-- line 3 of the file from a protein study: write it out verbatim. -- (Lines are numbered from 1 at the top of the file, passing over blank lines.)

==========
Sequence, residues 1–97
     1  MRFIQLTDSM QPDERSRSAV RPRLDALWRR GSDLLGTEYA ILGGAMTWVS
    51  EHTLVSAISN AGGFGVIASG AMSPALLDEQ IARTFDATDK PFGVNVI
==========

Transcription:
    51  EHTLVSAISN AGGFGVIASG AMSPALLDEQ IARTFDATDK PFGVNVI